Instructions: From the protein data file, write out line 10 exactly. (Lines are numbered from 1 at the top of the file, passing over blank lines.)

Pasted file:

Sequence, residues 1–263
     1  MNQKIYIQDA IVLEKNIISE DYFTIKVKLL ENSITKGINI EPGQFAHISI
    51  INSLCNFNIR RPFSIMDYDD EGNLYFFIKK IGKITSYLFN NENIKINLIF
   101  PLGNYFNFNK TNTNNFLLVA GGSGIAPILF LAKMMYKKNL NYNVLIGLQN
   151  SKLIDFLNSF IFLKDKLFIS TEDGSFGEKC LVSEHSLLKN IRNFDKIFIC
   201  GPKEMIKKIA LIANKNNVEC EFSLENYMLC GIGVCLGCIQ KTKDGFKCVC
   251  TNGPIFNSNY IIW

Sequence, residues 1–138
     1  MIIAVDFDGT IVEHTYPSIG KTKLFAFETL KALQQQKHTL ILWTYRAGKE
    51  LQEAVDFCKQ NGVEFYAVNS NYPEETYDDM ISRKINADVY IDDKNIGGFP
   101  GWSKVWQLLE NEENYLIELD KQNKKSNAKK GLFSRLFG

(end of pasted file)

    51  LQEAVDFCKQ NGVEFYAVNS NYPEETYDDM ISRKINADVY IDDKNIGGFP